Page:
156 days until IRONMAN 70.3 Chattanooga
Training With Purpose
Many years ago our triathlon club brought in a coach from Jacksonville (NC not FL). Two or three times each week, we would submit ourselves to his
torture sessions workouts. He was tough and good which are two of the reasons my race performance got a little better that year. However, there was one problem. It wasn’t anyone’s fault, but there was something that has bothered me for years. The coach said,
I don’t believe in junk miles. When we start a workout it is going to have purpose.coach
At the time, I ate it up. I loved his idea that all our workouts would have a purpose. I had been studying the first edition of Joe Friel’s book that talked about goals, objectives and periodization, so I was excited. We were going to train with a purpose.
With a purpose.
What purpose? The workouts were tough, “breakthrough” quality, but what was I really training for? What were the others training for? I don’t remember having any goals or objectives that year other than to race. Some of us were preparing for Pinehurst International Triathlon while others were preparing for IRONMAN Florida. Yet all of us did the same workouts.
As I now read the new edition of Joe Friel’s book, The Triathlete’s Training Bible, I am more aware than ever of my need to train with a purpose. I am also reminded that training with a purpose implies goals and objectives. It is not enough to simply have an idea of what you want to accomplish. It must be written down (or typed, if you’re too young to remember pencil and paper) in specific terms.
Goals And Objectives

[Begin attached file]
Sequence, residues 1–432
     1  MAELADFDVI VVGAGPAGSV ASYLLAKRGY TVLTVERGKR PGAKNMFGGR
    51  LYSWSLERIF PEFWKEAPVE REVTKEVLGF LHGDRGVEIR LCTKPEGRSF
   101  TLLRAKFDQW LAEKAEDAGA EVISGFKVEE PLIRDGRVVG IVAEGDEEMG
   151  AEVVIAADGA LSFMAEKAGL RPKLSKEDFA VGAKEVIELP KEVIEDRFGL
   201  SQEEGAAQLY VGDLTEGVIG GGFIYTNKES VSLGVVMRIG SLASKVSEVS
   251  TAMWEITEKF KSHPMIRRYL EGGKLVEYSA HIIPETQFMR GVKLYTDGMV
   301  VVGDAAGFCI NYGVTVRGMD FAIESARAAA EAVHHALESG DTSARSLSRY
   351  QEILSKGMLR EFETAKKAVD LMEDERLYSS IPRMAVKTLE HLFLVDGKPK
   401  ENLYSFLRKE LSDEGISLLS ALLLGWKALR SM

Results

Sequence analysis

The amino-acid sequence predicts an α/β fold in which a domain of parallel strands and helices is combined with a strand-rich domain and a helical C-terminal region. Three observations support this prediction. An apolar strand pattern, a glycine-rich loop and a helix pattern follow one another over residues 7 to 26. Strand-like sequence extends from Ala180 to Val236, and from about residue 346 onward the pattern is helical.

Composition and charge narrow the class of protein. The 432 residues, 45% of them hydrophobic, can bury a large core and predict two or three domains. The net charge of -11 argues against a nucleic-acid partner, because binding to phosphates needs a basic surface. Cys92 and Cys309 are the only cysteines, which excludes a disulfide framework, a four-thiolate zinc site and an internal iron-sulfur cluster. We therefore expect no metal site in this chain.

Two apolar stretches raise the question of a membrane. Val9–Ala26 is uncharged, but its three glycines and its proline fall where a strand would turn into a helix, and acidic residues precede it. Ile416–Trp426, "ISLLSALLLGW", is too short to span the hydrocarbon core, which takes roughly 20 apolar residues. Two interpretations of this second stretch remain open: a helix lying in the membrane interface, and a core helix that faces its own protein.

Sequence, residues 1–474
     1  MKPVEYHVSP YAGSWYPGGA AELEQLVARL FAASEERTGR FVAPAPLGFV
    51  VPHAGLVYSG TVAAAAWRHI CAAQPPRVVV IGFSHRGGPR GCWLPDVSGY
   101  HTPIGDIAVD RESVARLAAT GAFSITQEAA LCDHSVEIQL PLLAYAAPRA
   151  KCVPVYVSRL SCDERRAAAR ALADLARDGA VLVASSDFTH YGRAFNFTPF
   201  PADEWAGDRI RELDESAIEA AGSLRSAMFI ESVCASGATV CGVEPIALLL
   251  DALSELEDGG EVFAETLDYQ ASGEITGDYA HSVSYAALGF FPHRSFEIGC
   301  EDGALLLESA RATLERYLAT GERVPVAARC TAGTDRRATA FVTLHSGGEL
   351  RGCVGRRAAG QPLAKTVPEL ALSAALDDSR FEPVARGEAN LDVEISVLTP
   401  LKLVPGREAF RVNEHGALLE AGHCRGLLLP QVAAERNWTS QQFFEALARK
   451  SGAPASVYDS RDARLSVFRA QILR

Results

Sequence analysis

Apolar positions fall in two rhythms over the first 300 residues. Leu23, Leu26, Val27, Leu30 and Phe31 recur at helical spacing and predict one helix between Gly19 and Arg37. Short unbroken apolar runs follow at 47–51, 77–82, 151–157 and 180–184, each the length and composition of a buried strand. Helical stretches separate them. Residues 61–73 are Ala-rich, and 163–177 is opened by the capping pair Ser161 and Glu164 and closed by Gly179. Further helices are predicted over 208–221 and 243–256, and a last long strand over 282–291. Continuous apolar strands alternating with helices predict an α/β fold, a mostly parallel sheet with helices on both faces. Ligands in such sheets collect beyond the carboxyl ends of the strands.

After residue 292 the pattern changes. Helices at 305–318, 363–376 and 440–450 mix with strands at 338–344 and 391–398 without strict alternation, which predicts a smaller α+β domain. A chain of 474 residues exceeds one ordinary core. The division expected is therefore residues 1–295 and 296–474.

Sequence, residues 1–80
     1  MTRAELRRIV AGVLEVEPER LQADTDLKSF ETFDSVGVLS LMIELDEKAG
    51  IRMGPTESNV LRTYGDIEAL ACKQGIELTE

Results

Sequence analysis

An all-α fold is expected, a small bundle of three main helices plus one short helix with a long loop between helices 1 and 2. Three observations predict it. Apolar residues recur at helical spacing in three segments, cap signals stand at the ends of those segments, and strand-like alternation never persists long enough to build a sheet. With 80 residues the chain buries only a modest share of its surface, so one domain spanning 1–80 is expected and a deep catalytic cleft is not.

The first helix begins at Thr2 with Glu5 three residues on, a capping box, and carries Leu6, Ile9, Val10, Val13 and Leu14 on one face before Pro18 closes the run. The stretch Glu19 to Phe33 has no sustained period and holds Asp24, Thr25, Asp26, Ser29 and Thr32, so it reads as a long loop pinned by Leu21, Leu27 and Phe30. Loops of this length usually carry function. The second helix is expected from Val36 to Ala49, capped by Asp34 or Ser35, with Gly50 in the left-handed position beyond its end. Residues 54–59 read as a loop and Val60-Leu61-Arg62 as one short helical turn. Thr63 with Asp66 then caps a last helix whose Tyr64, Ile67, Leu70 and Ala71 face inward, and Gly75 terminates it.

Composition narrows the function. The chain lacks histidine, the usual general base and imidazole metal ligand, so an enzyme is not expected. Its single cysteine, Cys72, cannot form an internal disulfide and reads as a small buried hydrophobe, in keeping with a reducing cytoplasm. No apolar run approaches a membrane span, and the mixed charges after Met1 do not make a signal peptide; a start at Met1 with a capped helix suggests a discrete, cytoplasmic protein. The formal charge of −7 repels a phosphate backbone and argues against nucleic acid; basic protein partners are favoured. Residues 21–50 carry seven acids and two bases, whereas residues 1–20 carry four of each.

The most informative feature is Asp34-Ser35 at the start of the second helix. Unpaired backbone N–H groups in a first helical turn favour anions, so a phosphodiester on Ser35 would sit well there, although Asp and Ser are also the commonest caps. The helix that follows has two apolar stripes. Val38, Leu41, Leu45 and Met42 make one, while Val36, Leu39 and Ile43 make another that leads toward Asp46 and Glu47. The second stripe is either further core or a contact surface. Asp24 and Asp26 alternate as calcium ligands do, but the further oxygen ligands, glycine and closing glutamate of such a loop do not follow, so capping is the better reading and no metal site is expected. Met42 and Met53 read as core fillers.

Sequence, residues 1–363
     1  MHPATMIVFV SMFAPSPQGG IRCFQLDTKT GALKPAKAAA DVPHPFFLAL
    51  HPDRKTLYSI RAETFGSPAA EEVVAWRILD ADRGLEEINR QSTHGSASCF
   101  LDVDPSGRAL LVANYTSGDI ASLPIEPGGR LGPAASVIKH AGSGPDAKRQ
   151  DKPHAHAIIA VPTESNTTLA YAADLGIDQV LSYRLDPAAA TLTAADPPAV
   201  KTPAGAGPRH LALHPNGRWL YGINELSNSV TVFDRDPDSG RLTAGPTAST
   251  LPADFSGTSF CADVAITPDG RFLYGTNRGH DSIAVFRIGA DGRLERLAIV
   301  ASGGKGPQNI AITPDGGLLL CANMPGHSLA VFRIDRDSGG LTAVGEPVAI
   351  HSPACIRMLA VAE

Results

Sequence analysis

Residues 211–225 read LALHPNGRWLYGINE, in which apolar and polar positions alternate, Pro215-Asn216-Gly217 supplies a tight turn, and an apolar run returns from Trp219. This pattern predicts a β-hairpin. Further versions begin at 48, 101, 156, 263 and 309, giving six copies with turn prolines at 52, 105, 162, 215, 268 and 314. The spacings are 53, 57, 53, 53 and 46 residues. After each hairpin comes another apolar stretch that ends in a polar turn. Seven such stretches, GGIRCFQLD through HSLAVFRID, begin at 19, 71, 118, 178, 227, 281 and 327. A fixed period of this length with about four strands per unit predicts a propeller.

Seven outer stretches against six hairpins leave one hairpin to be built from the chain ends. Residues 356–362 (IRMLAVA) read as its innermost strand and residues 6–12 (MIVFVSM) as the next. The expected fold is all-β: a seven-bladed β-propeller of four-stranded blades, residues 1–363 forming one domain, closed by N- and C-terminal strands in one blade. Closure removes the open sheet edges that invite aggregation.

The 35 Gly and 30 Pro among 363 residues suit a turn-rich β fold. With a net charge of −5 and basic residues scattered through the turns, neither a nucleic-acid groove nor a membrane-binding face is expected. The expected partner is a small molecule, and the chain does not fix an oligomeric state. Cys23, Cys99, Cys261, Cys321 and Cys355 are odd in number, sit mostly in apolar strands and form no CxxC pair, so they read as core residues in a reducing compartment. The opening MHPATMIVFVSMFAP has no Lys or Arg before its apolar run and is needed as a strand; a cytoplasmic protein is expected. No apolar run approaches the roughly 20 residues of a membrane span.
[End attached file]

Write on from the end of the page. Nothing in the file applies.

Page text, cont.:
The goal doesn’t necessarily have to be measurable, but the objectives do, because the objectives are the stepping stones to accomplishing your goal. If the goal is measurable thats even better. That way you will know with absolute certainty if you accomplished it or not. In my case, 2020 season goals are in terms of race outcomes and the objectives are in terms of performance.
- May 17, IRRONMAN 70.3 Chattanooga under 5:45:00
- Fall long course triathlon under 5:40:00
The best I’ve ever done on a USAT long course is about 5:45, so beating that in the first A race of 2020 will be a good step toward Kona qualification. A possible second A race for 2020 is IRONMAN 70.3 Lake Placid.
Two goals is enough to get me through this first season of my road to Kona.
I’m still working on the objectives for 2020. The elusive piece is trying to connect performance stats to a race outcome. I suppose if I set an objective for a certain pace, the run can be tied to a race outcome. Same with the swim.
Bike fitness, on the other hand, is built through power, not speed. If an honest objective is stated in terms of watts, it can probably be achieved, but how does that relate to a race outcome?
Thinking Out Loud
I’m sure the answer lies in time, not watts. We train with power, but we have an idea of how fast we need to go to reach the goal. For example, my swim, run and transitions might total 2:40, so the bike needs to be less than 3:05.
I think I just found my objectives. Thanks for letting me think out loud.
Stay to the right, pass on the left and keep on smilingLG